One day in 1998 Jamie Hewlett and Damon Albarn were watching television. And what they saw disturbed them. Greeting them was an endless parade of pop idol contestants, boy bands, and celebrity wrestlers. Mindless melodrama and artificial fame were sweeping the culture of the 1990s.
At first, they were alarmed. Then they had an idea. If reality was becoming more and more like a cartoon, why not turn a cartoon into reality?
Inspired, Damon and Jamie penned a manifesto. The document which gave birth to their virtual pop band the Gorillaz took up less than a single page. This has since been lost. But in a world where reality television star was only very recently president of the United States, the noose of celebrity culture has only tightened.
And as it has, the Gorillaz have grown in fame. Four in all, their names are 2-D, Murdoc Niccals, Russel Hobbs, and Noodle. Together they liberate music from the mindless direction of an empty and image-driven culture.
Twenty years after their 2001 debut the world is only now catching up with the Gorillaz. Helped in no small part by their popularity with younger anime-loving members of Generation Z, the group is currently enjoying a resurgence. Perhaps only now can the originality and quality of these singles, music videos and albums truly be given their proper due. Cartoon rockstars, the Gorillaz have certainly stood the test of time.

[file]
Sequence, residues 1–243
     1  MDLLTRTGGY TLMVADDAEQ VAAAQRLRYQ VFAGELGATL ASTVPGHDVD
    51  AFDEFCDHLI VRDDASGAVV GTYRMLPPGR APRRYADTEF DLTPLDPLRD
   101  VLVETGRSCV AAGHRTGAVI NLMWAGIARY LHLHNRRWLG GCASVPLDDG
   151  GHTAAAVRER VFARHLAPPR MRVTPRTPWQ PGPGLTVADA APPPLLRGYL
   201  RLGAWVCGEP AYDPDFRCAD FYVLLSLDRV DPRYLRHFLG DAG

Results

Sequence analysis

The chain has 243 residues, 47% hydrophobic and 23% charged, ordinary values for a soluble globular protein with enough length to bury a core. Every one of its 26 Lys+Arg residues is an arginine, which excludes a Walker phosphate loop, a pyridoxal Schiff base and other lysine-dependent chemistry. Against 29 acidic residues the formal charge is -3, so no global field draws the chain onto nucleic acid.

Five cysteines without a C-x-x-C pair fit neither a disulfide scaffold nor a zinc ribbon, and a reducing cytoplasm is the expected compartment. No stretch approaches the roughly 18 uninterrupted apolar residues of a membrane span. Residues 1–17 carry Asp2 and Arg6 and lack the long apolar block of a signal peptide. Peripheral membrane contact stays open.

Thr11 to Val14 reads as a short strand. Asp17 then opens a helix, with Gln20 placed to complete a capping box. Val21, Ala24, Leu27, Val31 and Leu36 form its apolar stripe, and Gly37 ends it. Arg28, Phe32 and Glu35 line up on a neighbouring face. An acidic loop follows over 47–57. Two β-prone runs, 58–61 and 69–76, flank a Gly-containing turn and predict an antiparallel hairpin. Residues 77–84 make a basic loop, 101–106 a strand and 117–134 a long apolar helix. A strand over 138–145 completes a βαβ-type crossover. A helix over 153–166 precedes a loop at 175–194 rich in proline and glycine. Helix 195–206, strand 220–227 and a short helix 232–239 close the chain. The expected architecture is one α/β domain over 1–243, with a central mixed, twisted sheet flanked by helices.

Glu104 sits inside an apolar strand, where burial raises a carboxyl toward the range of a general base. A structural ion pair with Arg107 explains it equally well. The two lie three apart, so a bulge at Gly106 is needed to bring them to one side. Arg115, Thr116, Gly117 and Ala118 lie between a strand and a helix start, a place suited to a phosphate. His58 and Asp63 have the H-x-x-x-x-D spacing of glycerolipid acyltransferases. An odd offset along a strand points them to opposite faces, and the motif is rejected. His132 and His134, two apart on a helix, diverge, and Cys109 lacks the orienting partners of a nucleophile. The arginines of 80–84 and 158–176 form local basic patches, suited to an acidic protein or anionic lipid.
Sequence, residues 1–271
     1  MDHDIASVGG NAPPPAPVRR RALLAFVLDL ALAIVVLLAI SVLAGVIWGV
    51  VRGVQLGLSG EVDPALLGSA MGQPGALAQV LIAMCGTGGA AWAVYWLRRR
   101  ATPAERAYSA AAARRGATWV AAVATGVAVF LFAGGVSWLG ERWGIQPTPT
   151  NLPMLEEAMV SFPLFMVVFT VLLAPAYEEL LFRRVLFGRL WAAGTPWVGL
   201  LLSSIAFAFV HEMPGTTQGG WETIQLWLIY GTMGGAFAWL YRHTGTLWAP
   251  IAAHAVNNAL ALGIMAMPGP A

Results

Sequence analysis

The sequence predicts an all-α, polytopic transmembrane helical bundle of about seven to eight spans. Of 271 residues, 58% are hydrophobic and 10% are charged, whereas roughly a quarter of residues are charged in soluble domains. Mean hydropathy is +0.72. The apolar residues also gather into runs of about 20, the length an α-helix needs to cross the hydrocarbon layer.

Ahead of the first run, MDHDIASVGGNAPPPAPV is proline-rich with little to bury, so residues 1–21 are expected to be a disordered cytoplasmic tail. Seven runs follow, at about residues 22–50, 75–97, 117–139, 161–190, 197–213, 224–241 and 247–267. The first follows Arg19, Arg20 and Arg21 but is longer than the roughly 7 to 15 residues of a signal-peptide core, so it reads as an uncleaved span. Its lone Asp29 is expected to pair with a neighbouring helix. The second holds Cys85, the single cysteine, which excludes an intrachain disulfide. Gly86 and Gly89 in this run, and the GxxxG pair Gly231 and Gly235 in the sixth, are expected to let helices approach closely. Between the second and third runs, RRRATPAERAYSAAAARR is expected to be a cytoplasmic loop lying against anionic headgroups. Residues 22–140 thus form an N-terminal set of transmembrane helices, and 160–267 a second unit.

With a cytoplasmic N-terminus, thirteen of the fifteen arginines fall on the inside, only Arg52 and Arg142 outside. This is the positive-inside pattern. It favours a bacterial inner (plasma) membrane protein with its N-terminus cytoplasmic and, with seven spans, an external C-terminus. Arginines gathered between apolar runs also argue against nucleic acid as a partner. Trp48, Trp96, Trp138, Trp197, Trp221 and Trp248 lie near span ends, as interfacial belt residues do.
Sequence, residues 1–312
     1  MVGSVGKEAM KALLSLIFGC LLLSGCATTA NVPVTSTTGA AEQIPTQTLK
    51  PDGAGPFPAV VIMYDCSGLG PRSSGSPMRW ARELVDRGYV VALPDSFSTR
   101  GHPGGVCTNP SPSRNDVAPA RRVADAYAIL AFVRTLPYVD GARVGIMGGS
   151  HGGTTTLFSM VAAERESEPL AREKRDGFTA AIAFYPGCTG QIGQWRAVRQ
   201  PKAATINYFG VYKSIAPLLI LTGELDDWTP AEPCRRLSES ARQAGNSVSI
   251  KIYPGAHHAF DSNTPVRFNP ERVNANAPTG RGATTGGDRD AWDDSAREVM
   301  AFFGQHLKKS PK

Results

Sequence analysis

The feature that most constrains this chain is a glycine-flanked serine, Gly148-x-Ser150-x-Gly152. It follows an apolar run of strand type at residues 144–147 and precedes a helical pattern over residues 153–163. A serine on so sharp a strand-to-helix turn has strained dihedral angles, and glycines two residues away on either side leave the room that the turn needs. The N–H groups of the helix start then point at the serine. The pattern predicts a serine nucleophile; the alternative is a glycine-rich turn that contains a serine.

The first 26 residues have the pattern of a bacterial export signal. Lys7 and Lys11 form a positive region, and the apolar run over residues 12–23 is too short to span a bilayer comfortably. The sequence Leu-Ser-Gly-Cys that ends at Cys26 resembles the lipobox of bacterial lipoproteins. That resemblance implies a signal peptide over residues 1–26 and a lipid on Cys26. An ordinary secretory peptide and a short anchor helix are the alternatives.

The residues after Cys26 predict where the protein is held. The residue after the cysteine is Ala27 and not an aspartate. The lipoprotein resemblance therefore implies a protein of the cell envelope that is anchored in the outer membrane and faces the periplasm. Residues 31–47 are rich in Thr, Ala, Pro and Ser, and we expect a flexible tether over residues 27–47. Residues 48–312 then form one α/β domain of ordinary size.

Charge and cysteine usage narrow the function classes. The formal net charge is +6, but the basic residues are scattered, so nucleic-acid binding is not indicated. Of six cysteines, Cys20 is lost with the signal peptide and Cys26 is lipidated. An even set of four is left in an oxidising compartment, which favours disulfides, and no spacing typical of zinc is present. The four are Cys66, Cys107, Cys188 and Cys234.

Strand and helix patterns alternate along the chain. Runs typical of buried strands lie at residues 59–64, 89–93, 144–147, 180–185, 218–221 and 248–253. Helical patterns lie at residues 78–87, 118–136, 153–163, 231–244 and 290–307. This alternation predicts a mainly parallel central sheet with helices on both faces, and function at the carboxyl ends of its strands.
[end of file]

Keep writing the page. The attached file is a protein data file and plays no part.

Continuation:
1. ‘Dare’, Demon Days (2005)
“It’s coming up, it’s coming up, it’s coming up it’s dare!” Few song lyrics of 2005 ignite such an instant sense of recognition as these. Refining the Gorillaz sound, look and concept, Demon Days introduced millions of us to cartoon music videos and genreless pop songs. Two decades before altered reality concerts came into fashion, the Gorillaz were touring the world as 2D avatars. Revisiting the Gorillaz second album in 2021 shows just how far the group was ahead of their time.
2. ‘Ghost Train’, Gorillaz (2001)
Before ‘Dare’ there was ‘Ghost Train’. In fact, the song is the Gorillaz’s first recording. It was later released as a B-side to 2001 single ‘Rock the House’.